Everything I have learned about managing my own and other’s money over the past decade and a half has taught me to avoid short-term trading (i.e. day trading) like a plague.
Yet, like a forbidden fruit trading has always enticed me.
Trading Rock Stars
A couple of years ago I visited the offices of a $7 billion macro-oriented hedge fund for some due diligence.
They were quantitative and discretionary macro traders. Their trading floor was divided in half.
The quants sat on one side of the room and looked appropriately geeky and mathematical as they stared at their trading screens. Their job was to make sure the computerized trading programs they developed were working properly.
On the other side of the room were the discretionary traders. They were more laid back. Chatting with each other. A guitar leaning against one of the trading desks.
It looked more like a hangout than a trading floor. Their job was to trade based on their individual macro philosophies. They were trading rock stars, pulling down millions a year in compensation.
I met with the firm’s founder and chairperson. His skill set appeared to be selecting talent, because I found his macro views to be overly simple and politicized as if he got them from the Wall Street Journal.
I left that hedge fund thinking why I couldn’t I be a discretionary macro trader. I’ve managed money long enough, spent years meeting with top hedge funds to learn how they invest, understood macro. How hard could it be?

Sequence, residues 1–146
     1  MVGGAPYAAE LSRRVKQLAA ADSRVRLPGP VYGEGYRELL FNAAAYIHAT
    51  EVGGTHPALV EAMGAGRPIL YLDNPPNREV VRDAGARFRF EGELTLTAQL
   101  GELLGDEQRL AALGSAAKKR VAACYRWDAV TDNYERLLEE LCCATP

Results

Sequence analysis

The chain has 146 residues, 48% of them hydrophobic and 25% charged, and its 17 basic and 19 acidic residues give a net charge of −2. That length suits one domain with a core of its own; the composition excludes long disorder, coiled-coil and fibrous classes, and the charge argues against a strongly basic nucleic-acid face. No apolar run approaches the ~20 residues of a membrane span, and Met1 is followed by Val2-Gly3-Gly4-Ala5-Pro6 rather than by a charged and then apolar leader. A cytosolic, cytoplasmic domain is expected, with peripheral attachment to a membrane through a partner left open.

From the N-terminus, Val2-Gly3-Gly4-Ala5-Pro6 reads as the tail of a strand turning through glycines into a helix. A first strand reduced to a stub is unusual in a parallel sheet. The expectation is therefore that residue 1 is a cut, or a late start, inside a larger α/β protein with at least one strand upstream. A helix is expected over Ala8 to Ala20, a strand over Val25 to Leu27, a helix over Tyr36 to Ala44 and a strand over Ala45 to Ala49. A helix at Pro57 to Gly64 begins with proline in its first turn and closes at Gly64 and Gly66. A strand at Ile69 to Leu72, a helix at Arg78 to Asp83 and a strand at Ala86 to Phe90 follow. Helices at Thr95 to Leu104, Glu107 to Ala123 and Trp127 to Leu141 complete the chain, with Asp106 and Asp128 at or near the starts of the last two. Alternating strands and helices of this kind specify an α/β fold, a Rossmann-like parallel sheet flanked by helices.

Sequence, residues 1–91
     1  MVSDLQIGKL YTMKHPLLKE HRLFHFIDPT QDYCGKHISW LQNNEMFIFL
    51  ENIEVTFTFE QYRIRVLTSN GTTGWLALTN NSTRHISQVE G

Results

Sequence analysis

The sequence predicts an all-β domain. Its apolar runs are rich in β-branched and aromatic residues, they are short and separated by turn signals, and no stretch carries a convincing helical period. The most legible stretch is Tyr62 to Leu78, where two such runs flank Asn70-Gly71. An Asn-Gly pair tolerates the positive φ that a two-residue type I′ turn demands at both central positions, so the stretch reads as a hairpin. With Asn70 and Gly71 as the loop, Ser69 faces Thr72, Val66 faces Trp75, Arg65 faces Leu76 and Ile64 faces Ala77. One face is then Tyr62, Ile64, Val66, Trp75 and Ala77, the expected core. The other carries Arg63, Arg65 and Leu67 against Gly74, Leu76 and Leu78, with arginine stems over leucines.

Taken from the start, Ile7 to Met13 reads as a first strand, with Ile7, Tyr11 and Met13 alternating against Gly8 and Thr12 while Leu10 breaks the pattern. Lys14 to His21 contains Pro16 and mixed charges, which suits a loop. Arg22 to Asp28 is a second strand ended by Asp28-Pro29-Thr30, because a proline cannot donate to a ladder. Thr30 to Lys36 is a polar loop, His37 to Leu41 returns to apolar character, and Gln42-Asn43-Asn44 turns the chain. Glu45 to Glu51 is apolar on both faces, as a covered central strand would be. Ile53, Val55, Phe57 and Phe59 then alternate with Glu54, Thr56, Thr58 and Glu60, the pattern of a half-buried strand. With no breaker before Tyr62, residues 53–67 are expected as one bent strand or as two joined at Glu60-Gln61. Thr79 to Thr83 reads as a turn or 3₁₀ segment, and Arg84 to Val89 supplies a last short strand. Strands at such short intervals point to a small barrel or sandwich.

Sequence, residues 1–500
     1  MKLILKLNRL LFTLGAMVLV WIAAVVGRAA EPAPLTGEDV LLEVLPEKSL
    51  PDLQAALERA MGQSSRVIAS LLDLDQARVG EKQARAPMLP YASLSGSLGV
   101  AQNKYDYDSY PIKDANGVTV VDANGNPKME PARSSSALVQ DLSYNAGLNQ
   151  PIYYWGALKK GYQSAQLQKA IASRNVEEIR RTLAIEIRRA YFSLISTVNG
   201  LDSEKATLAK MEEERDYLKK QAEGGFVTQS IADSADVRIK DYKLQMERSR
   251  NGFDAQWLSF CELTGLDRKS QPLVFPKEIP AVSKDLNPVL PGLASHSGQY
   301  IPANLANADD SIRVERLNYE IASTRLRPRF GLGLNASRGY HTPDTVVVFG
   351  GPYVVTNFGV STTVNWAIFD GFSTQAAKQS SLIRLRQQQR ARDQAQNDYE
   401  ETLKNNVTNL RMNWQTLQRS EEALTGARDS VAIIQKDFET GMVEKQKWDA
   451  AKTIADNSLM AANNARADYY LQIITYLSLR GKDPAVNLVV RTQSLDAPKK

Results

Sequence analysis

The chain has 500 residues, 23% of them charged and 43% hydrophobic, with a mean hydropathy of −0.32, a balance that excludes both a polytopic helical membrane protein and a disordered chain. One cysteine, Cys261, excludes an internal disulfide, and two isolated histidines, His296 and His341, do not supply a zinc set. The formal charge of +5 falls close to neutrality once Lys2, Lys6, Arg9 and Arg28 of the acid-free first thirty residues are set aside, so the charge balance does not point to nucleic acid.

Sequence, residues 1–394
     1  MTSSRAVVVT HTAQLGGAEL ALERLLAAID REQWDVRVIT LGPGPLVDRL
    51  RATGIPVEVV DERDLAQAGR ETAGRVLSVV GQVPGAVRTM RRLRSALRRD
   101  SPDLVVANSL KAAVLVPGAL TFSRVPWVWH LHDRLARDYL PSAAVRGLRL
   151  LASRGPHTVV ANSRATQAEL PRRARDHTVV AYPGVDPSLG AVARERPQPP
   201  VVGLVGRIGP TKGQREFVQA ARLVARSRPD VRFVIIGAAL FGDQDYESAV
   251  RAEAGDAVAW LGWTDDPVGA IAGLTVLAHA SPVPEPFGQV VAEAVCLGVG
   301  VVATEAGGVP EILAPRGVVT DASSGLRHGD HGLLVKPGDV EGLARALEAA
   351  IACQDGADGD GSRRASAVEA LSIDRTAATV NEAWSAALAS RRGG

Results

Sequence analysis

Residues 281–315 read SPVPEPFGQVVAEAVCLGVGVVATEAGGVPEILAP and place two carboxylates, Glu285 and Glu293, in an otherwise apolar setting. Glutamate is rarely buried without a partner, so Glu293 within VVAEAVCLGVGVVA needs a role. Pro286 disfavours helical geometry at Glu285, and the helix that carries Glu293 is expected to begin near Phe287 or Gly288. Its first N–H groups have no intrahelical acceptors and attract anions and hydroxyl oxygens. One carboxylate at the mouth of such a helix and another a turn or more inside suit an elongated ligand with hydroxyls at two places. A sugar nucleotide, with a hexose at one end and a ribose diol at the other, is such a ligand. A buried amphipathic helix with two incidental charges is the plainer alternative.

So when I quit my job, I determined I would try my hand at trading.
My Life as a Trader
I set up a trading account and transferred an amount of money that if I lost it all, it would sting but it wouldn’t financially devastate me. Then I started trading. Gold, silver, interest rates, volatility, futures, options, future options, etc.
I kept at it for six months. Not every day, but I put in enough time to come to a straightforward conclusion.
I suck at trading.
Here’s the problem:
I really, really hate losing money. Even on paper.
That’s a serious handicap for trading because even though my intermediate term macro view was correct, I couldn’t stomach the losses that it required for that view to be rewarded.
You see, in the very short-term there is absolutely no rhyme or reason to why securities move as they do. They bounce all over the place. It is completely random. And when they bounce the wrong way, then that is money lost.
Losses cause pain. Emotionally, sometimes physically.
Losses lead to rash decisions aimed at stopping that pain.
Losses cause one to see patterns where none exist and to double down to try to make back what has been lost.
So I quit trading. I was down 20%. A fair price to get trading out of my system.
Why You Should Try Trading
I think there is no better way for individuals to learn how difficult investing and trading can be then by setting up a small account and buying some individual securities.
The account should be small enough that if you lose it all, it will not devastate you.
Then see what happens. Watch how your body and emotions react.
The future never looks more unpredictable than when you are staring into that unknown abyss with skin in the game.
Then after you have had enough of a short-term trading fix, go back to the boring, long-term, low fee, diversified stuff.
And consider yourself lucky that you got trading out of your system before you did something stupid like wager all of your retirement savings on Apple at 700, gold at 1700 or Bitcoin at 240.
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